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The Bebop Affinity

Published on 24th September 2019

There are probably more suitable analogies I could use to illustrate the life of an IT contractor, but I favour that of the bounty hunter. I enjoy picturing myself in the same situations as the characters from Cowboy Bebop, despite spending most days firing words rather than bullets. I think the 'professionals' would call my fictional wanderings a vain attempt to escape the mundane. They'd be right, but I can't help what exposure to this series has done for me. For one, it helped me get through 6 months of work-based travel during an out-of-town contract. My Wednesday evening routine was to open a wheat beer and let one or two instalments seep into my travel-worn brain. I feel an affinity with the characters and their somewhat self-imposed plight. Since finishing the final episode I've been unable to forget the cast, with their mysterious and meandering stories.

Setting and atmosphere

Shinichirō Watanabe directed this animated series between 1997 and 1998. It's set in the year 2071, at a time when earth is close to being uninhabitable. Most humans are living on the remaining rocky planets and moons in our solar system. Nothing wholesome appears to survive. It was almost inevitable I fell for the whole thing, as it taps into my obsession with the poetry of abandonment. Most if not all of the characters are emotionally or physically damaged, venting their continuous dislike of the world by being violent, reckless, calculated, vindictive, or a combination of all of these.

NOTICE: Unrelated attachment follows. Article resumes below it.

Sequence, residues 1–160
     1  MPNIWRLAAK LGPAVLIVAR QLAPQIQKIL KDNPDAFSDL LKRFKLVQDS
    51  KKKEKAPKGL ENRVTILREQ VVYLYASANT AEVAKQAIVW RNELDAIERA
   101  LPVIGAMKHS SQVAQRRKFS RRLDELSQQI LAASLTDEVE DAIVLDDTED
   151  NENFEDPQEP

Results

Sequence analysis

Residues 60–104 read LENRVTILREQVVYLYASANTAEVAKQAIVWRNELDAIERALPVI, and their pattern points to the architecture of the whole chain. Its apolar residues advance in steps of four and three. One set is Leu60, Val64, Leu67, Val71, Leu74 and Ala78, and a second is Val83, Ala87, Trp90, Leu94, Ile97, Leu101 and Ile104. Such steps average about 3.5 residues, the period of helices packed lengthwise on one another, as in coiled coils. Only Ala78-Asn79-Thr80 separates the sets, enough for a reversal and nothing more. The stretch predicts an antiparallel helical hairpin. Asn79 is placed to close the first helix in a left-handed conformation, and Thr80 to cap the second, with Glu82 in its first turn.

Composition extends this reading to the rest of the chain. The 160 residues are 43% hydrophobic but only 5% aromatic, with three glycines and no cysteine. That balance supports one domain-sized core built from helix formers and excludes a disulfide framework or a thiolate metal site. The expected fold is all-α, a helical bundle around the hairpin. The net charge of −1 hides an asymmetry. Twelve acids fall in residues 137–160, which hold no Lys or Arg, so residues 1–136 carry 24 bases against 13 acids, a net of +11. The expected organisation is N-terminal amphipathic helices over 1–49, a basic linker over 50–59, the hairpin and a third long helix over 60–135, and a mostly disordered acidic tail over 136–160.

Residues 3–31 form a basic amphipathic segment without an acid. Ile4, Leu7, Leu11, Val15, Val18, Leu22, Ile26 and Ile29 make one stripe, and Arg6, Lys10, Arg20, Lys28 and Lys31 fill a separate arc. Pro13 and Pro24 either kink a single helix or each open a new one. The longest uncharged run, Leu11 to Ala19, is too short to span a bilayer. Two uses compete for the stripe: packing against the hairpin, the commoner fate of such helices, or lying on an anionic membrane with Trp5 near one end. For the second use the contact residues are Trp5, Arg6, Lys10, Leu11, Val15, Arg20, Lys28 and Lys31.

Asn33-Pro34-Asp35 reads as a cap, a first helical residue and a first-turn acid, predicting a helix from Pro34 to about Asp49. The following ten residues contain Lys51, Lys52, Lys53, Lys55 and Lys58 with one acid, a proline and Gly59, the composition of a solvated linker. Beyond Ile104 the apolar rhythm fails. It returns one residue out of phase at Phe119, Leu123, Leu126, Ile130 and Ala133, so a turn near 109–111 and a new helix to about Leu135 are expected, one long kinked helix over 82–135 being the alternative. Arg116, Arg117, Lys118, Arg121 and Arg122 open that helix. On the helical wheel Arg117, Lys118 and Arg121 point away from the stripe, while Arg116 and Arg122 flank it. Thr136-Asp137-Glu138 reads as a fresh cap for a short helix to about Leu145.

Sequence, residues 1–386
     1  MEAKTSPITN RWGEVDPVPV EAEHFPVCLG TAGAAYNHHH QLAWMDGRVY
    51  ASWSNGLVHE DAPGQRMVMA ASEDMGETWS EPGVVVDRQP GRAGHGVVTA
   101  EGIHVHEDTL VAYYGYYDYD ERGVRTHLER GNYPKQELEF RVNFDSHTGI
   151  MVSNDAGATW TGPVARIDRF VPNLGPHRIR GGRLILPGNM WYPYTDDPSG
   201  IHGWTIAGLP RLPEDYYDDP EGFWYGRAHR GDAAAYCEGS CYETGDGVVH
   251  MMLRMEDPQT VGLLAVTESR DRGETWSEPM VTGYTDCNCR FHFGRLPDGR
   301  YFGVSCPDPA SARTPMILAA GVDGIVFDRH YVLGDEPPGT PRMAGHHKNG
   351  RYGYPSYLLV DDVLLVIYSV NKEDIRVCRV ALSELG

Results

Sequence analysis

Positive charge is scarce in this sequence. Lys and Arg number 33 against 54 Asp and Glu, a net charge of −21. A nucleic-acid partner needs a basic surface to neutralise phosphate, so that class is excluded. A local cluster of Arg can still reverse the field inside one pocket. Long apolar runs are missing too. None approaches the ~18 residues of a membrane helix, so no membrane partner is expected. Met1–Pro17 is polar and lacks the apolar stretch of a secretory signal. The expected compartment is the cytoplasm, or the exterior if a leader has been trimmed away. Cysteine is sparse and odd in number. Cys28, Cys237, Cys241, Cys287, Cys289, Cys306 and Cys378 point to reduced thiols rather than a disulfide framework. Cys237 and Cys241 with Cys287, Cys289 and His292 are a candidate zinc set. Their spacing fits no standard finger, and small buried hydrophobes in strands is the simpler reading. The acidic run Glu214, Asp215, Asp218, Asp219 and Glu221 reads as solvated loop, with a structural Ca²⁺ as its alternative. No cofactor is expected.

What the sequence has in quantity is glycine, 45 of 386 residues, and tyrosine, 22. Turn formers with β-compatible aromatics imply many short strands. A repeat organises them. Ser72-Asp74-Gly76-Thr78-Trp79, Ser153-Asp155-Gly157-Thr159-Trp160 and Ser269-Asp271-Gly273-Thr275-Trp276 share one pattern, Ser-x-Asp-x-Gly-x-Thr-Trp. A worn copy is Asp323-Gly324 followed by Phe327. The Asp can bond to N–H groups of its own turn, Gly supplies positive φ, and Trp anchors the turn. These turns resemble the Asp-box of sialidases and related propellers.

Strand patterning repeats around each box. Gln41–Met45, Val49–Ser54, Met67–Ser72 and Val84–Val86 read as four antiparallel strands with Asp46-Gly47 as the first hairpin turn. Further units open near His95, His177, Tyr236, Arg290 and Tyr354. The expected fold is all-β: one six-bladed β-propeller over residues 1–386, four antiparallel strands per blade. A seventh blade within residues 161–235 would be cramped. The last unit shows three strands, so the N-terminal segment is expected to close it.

Style and point of view

Cowboy Bebop is heavily stylised, with each character's movement seemingly telling its own story. The mixture of outlandish people and sudden bursts of action feels unique. I feel that animated features carry this off more successfully than their traditional live action counterparts. Episode 1 gave me the impression I'd stumbled upon a story that's always been there. I felt like I was watching everything unfold through the eyes of an unnamed and silent narrator whose purpose is to casually observe.

There are many references to popular American culture, mainly film. Episode 1, 'Asteroid Blues' references Desperado, directed by Robert Rodriguez. Episode 17, 'Mushroom Samba' references Sergio Corbucci's Django. Most appealing to me is Watanabe's nod to Ridley Scott's 1979 movie, Alien in Episode 4, 'Toys in the Attic'.

The attractive analogy again

A running joke in Cowboy Bebop is that the characters barely ever get the bounty. I often wondered how the hell they managed to pay for anything. For most IT contractors, the choice between hunting people through space and being a mercenary of many desks would be clear. The characters also flit between jobs at a speed that would make earthbound contractors want to go permanent.

A running joke in Cowboy Bebop is that the characters barely ever get the bounty. For most IT contractors, this would make the choice between hunting people of ill repute and being a mercenary of many desks clear. Having watched this series, you might find yourself wondering how the hell the characters manage to pay for anything. They flit between jobs at a speed that would make most IT contractors want to go permanent.

Despite their failure to cash in as one unit, they seem almost spiritually bound to exist this way. I suppose that's why I don't relate to any one of them in particular, but all of them. On one day I might be channelling Jet, whose paternal instincts are at odds with his occupation. On another day, I might act in a way that recalls Spike's sudden desire for immediacy.

This need for an internal fictional reference speaks back to my earliest years in front of cinema screens. It was a time when I ran up these stairs, full of desire for escape.

Maidstone ABC Cinema (credit 28DaysLater.co.uk)

Bleary-eyed, I'd stumble back down, fearing a world that could never offer the promise of the last two and a half hours spent in intermittent darkness.

Maybe not much has changed, except age and subject matter. 



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